A new law and a new opportunity could mean great news for two very different marijuana stocks. 

Aphria (NASDAQOTH:APHQF) ranks among the biggest marijuana growers. Auxly Cannabis Group (NASDAQOTH:CBWTF), which until a couple of weeks ago was known as Cannabis Wheaton, doesn't. But both companies should soon enjoy tremendous sales growth thanks to the recent passage of bill C-45, which legalized the use of recreational marijuana in Canada. 

Which of these marijuana stocks is the better pick for investors in light of this opportunity? Here's how Aphria and Auxly compare.

Marijuana growing in a greenhouse

Image source: Getty Images.

The case for Aphria

Let's first get the primary argument against Aphria stock out of the way: It's too expensive. It's true that the company claims a market cap of close to $2 billion with trailing-12-month sales of only a sliver of that amount. The only way that Aphria could possibly merit such a high market cap is if it could generate astronomical growth. The good news is that it probably can.

The retail market for recreational cannabis is scheduled to open throughout Canada in October. Conservative estimates call for aggregate sales of close to 5 billion Canadian dollars in the first year, but the actual market size could be significantly higher

Aphria is cranking up capacity to meet demand. The company has also lined up a premier distribution partner for the retail market, Southern Glazer's, the largest wine and spirits distributor in North America. This relationship with Southern Glazer's gives Aphria a retail distribution channel in every Canadian province.

But Aphria isn't just looking at the Canadian market. The company hopes to grow rapidly in the German market thanks to a supply agreement with one of the largest pharmaceutical distributors in the country. Aphria has other relationships that give it a foothold in other international marijuana markets including Argentina, Australia, and Lesotho. If federal laws are changed in the U.S., Aphria should be ready to run thanks to its partnership with Liberty Health Sciences.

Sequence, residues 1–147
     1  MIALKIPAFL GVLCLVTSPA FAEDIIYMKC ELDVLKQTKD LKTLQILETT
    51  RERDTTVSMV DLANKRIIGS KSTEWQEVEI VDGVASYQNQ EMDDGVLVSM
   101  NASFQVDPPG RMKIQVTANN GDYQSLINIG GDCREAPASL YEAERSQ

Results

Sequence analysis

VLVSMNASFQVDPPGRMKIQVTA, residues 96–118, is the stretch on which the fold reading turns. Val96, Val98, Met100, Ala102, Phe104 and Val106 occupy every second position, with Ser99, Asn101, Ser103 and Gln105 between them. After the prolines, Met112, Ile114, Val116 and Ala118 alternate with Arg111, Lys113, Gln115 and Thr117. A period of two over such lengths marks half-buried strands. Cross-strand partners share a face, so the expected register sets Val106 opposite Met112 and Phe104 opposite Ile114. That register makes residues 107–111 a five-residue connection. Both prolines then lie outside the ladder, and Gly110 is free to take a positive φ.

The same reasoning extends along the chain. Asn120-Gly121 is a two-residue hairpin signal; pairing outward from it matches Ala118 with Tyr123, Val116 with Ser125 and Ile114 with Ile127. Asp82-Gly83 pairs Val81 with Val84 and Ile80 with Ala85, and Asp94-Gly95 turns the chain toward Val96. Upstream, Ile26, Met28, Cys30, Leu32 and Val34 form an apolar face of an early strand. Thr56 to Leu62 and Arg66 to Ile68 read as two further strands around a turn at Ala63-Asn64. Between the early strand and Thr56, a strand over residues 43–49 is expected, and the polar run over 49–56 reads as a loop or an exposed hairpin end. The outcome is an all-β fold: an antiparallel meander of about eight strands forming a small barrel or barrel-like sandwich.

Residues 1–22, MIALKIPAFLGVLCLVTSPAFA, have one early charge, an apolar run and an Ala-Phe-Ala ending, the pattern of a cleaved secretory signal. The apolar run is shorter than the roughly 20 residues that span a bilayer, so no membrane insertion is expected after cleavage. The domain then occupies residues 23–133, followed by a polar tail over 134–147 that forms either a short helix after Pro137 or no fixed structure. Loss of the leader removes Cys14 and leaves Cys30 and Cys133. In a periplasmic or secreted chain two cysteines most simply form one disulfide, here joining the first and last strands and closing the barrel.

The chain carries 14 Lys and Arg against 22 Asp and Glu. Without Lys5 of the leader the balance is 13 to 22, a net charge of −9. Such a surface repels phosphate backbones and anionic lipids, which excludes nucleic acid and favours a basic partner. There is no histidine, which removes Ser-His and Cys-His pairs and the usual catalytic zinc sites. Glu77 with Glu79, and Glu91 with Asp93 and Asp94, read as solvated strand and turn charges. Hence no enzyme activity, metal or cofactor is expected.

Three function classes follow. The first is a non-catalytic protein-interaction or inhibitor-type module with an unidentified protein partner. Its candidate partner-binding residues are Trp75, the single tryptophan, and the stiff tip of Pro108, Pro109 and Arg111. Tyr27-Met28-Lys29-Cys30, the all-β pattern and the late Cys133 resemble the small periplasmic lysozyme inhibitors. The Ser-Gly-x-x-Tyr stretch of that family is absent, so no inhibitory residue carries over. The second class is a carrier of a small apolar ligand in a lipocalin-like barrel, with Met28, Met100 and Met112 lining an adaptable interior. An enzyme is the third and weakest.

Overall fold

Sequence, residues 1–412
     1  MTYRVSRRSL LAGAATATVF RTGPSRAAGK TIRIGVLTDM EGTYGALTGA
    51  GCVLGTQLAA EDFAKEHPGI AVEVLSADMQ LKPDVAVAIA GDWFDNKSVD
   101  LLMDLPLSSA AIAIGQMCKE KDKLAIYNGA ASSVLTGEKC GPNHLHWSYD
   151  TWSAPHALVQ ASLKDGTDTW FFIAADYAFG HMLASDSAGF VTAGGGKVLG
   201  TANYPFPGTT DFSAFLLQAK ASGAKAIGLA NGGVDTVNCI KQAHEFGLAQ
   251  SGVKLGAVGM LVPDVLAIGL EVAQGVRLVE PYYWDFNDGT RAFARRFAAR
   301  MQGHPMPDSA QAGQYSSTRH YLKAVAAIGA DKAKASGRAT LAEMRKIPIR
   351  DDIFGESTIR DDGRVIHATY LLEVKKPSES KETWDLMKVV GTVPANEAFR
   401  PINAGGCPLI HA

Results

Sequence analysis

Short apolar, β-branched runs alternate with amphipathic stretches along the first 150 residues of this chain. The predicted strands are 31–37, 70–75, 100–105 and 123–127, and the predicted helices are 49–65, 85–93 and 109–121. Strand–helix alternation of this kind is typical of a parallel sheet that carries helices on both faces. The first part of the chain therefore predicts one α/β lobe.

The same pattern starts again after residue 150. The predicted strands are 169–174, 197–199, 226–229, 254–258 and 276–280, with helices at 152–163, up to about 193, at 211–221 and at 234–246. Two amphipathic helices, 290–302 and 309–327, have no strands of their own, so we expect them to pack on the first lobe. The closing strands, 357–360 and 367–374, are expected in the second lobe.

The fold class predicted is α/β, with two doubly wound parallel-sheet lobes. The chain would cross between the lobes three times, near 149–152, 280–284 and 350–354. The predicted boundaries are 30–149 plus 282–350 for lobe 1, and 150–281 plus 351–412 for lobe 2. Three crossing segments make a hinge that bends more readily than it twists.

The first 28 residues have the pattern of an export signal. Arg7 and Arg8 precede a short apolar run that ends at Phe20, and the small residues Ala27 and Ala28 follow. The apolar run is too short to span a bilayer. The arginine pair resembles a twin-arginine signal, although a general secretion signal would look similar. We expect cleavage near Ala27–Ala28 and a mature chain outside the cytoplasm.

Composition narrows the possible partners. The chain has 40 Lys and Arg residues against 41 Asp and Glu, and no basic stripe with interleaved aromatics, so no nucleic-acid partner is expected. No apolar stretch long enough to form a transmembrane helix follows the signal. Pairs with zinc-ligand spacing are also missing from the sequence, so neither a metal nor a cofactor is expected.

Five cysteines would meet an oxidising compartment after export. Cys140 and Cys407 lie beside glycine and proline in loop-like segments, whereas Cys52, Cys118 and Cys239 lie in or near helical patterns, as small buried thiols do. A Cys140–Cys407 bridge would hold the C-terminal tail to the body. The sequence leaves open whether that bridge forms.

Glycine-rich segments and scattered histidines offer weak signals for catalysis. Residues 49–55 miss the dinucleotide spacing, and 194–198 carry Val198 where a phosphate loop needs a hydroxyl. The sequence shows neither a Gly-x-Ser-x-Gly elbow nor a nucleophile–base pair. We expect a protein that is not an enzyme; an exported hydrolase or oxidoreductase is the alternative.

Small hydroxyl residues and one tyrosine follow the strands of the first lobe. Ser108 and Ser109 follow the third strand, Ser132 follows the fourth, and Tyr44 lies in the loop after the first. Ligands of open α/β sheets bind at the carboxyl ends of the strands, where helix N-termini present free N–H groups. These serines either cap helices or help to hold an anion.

Arcview Market Research and BDS Analytics project that the annual global marijuana market could reach $57 billion in less than 10 years. Aphria would only need to capture a relatively small slice of that market to generate solid returns well into the next decade. 

The case for Auxly Cannabis

Auxly Cannabis has a different business model than Aphria. While the company announced two acquisitions of small marijuana growers in recent months, Auxly's primary focus is on providing financing to cannabis businesses in exchange for royalties and a percentage of production. This royalty and streaming model is similar to what is done in the precious metals industry.

The company does business primarily with smaller marijuana growers. For example, Auxly has provided CA$55 million to Ontario-based medical marijuana provider ABCann. The small marijuana grower is using a large chunk of Auxly's investment to finance expansion efforts. In return, Auxly receives 50% of ABCann's production for 99 years.

The main argument for investing in Auxly is that the company thinks it can deliver impressive internal rates of return on the streaming deals it makes. Buying the stock is also a way to bet on global marijuana demand outstripping supply for years to come.

If supply doesn't keep up with demand, Auxly should have no problem selling the marijuana it receives from various streaming deals. The company should also be able to make a nice profit on these sales.

Auxly's market cap currently stands below $500 million. With the company anticipating annual production of around 230,000 kilograms from its streaming partners, there's a really good bang for the buck with the stock.

Better marijuana stock

I think Aphria is the better marijuana stock for one overriding reason. There's a real possibility that smaller marijuana growers could be squeezed after supply catches up with demand in the Canadian market. If and when that happens, larger companies will be in a much better position to survive and thrive.

My view is that Aphria will be fine if it comes down to a scenario like this. Auxly, however, could be in trouble if some of its streaming partners went under. It could be that this is an overly pessimistic view. Still, I think Aphria is the safer bet to be a winner over the long run.

Keith Speights has no position in any of the stocks mentioned. The Motley Fool has no position in any of the stocks mentioned. The Motley Fool has a disclosure policy.